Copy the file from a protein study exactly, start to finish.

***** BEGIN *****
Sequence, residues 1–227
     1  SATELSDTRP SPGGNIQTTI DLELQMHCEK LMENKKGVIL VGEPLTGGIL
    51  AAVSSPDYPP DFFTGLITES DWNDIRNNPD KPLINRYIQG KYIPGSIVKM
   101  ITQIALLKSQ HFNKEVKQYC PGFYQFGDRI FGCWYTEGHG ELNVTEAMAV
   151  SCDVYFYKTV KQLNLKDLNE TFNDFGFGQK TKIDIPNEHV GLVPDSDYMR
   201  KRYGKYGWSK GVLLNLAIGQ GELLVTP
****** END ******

Sequence, residues 1–227
     1  SATELSDTRP SPGGNIQTTI DLELQMHCEK LMENKKGVIL VGEPLTGGIL
    51  AAVSSPDYPP DFFTGLITES DWNDIRNNPD KPLINRYIQG KYIPGSIVKM
   101  ITQIALLKSQ HFNKEVKQYC PGFYQFGDRI FGCWYTEGHG ELNVTEAMAV
   151  SCDVYFYKTV KQLNLKDLNE TFNDFGFGQK TKIDIPNEHV GLVPDSDYMR
   201  KRYGKYGWSK GVLLNLAIGQ GELLVTP